This could be trouble

To the Editor:

I read recently that Fairmont has adopted “An Ordinance Establishing Standards for Rental Housing.” While there are large metro areas uncontrolled enough to warrant adopting some variation on such ordinances, and notwithstanding the noble objectives intended, the city of Fairmont seems an unlikely candidate for such an over-broad and potentially costly additional ordinance, which could adversely affect what is already a dearth in rental housing availability.

Over the years, I suspect there have been relatively few issues between neighbors, renters, the city and owners of rental properties that have not been resolved in a timely fashion and with minimal disruption to all parties involved.

Beyond that, the vast majority of “affordable” housing units are already subject to regular inspections at both the municipal level, under existing ordinances, and at the federal level in connection with the financing in place. So adopting yet another level of management and control will only increase costs for the city, the property owners and, of course, for tenants.

Beyond all that, it’s not clear that supporters of the ordinance were fully advised as to the potential for city liability in connection with adoption of these ordinances, and the rate at which they are being challenged, often successfully. Following is an excerpt from an article published by the Sargent Shriver National Center on Poverty Law regarding the “Legal and Practical consequences of Crime Free Rental Housing and Nuisance Property Ordinances” from August of last year:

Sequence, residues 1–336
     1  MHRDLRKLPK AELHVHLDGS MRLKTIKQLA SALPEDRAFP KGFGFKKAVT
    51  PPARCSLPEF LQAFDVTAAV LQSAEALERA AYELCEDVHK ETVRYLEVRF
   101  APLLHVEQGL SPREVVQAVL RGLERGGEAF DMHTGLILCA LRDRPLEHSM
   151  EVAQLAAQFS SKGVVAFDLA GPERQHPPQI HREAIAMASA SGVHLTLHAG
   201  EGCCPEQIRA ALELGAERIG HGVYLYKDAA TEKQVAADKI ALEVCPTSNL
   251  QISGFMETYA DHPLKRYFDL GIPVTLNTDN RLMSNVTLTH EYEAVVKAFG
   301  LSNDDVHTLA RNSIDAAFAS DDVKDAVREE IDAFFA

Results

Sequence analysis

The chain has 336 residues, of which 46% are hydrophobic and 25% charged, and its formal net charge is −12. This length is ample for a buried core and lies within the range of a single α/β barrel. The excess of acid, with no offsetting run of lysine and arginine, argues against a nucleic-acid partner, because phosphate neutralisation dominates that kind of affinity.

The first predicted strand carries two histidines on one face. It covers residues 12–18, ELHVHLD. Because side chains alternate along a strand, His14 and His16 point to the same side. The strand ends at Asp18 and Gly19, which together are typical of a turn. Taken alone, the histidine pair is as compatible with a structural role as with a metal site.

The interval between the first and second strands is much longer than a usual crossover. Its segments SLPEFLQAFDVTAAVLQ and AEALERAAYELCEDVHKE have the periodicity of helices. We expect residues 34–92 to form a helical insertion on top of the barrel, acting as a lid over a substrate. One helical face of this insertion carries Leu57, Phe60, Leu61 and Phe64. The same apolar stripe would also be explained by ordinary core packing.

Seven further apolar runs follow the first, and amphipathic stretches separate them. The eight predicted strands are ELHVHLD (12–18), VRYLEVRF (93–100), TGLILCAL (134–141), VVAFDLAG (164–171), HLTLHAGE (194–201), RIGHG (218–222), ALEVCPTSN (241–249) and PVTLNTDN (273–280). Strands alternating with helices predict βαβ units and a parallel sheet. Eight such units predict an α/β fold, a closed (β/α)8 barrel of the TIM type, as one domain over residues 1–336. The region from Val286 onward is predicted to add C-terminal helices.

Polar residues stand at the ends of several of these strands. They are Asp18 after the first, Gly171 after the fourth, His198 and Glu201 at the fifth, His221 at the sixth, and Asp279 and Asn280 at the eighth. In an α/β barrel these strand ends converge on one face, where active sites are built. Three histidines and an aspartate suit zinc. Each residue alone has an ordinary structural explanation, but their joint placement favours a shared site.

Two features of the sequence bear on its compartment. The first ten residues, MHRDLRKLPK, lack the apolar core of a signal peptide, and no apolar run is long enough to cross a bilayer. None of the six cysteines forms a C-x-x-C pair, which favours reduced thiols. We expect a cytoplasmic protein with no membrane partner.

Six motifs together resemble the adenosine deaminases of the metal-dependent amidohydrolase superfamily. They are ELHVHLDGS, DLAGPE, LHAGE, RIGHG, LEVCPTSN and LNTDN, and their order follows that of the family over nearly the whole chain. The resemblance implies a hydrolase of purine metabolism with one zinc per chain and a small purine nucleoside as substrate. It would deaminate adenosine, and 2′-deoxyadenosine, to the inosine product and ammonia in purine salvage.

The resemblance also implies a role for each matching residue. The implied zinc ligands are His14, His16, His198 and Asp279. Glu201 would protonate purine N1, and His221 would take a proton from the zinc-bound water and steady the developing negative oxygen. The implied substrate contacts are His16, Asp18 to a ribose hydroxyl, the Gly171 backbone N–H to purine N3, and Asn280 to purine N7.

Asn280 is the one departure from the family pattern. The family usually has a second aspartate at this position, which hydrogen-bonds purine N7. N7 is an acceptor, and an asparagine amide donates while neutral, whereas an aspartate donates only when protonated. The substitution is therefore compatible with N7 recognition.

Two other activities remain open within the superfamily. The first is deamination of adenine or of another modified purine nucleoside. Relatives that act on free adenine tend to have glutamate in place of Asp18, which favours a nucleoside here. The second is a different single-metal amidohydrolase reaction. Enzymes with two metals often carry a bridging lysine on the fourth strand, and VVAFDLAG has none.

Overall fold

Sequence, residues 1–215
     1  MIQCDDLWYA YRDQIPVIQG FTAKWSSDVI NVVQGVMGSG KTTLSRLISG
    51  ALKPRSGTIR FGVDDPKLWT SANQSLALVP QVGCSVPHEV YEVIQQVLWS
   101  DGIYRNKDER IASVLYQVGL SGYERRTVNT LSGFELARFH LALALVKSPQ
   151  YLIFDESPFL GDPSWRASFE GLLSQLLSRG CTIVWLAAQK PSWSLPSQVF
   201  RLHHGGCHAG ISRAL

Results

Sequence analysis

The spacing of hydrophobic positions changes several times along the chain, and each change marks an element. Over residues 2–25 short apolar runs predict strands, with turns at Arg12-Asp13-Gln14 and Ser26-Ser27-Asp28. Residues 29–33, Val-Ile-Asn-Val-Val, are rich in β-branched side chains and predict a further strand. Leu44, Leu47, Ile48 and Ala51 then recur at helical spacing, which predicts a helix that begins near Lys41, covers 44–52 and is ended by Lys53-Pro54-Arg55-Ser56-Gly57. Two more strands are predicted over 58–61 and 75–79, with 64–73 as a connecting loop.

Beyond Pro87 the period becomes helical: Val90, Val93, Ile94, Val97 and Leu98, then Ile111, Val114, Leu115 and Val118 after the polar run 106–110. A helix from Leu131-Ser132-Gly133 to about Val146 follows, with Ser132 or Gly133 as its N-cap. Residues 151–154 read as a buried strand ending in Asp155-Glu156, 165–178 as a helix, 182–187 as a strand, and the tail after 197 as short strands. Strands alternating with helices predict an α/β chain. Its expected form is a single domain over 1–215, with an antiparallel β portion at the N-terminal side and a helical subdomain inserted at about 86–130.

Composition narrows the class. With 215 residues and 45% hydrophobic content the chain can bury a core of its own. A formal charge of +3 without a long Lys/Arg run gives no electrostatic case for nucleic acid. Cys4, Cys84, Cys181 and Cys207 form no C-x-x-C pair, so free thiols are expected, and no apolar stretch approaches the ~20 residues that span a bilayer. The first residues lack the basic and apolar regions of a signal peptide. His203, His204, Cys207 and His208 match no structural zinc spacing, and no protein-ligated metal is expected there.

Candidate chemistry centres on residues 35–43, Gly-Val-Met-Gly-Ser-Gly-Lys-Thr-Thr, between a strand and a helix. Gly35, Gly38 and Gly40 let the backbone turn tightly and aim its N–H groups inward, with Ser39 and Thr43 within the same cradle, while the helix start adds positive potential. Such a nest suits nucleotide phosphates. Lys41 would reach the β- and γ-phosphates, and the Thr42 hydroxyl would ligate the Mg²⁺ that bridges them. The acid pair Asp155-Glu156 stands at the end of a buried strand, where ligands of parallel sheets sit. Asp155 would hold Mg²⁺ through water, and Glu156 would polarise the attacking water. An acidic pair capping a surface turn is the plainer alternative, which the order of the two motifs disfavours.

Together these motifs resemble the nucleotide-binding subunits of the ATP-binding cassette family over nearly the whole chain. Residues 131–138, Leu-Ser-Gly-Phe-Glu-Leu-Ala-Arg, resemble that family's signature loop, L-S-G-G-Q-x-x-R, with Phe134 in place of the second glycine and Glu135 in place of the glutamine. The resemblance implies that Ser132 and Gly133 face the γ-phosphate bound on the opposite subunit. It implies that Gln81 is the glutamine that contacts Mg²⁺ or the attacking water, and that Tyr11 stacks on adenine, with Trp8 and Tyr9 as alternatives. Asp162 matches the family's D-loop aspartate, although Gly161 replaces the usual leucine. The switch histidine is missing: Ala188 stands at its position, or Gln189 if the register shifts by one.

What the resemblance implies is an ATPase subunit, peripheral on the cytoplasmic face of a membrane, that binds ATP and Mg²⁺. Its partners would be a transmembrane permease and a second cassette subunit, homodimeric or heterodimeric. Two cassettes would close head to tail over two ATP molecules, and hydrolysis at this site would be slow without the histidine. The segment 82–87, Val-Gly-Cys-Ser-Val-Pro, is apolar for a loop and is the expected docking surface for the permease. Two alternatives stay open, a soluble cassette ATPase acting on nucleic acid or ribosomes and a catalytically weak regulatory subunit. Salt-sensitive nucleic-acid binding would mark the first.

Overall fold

” The spread of these ordinances [throughout Illinois] and the nation is great cause for concern, as they lead to costly consequences not just for the tenant families but also for the entire community. These ordinances can undermine public safety by silencing crime victims and others who need to seek emergency aid or report a crime. They can increase housing instability and ultimately homelessness for victims of domestic and sexual violence, persons with disabilities, and other vulnerable tenants. They can reduce availability of desperately needed affordable rental housing. And they can result in violations of tenants’ and landlords’ rights – including rights to be free from discrimination, to contact the government for assistance and to receive due process – and thereby expose municipalities to legal liability.”

I would guess supporters of adopting an ordinance with such open-ended and unnecessary consequences, and over-burdening regulation may rethink their position the first time the “chilling” effect of the ordinance forces an abuse victim from their housing or creates a reluctance to call law enforcement when needed. The result could be serious injury, or worse, to a Fairmont resident who may well be some reader’s daughter or mother, and then the lawsuits begin to get filed against the city.

Peter T. McGough,

former Fairmont resident

Negril Beach, Jamaica